How the Energy Department's supercomputers are aiding the Cancer Moonshot

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The supercomputers at the U.S. Department of Energy have joined the Cancer Moonshot program to help quicken the pace of cancer treatment development by mining and analyzing large sets of data often too big for humans to do.

Ernest Moniz, PhD, secretary of energy, outlined in a Medium posthow the department's supercomputers will bolster the Cancer Moonshot.

"Our commitment to the Cancer Moonshot builds on the department's longstanding contributions to biomedical research, from radiation biology to genomics," Dr. Moniz wrote, adding the Department of Energy's supercomputers were the ones to map the human genome.

According to Dr. Moniz, a key challenge facing the Cancer Moonshot isn't gathering data — he wrote that we currently have more data than ever before. The challenge is accessing and analyzing the data to find patterns offering insight on the causes of and potential treatments for cancer.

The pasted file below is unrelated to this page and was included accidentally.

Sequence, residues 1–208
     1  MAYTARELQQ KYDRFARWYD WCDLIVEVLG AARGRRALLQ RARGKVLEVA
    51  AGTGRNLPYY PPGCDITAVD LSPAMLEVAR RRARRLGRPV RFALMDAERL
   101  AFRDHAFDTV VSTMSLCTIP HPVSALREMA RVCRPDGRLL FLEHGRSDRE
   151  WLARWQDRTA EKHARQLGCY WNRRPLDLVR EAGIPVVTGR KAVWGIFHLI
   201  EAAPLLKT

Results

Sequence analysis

"With supercomputers, we can find answers to questions that are practically impossible to solve with the human eye," he wrote. "In this case, supercomputers are excellent tools for analyzing genomic and molecular datasets, patient records, family histories and other complex information related to cancer."

The DOE's supercomputers can model nuclear processes "down to tiny fractions of a second" and make more than "20 million billion calculations per second," according to Dr. Moniz's post.

The power of these supercomputers opens new pathways for discovery, including new techniques in artificial intelligence, data science and simulations, and they will continue to get better.

"These centers lay the groundwork for advanced 'exascale' computing, which can perform a billion billion calculations per second — 20 to 40 times what we're talking about today," Dr. Moniz wrote. "And that will be necessary to adequately understand the complexities of cancer."

More articles on the Cancer Moonshot:

Joe Biden announces launch of open-access genomic database for cancer research 
Obama administration to host cancer moonshot summit 
Opinion: Early blunders continue to trouble cancer moonshot initiative 

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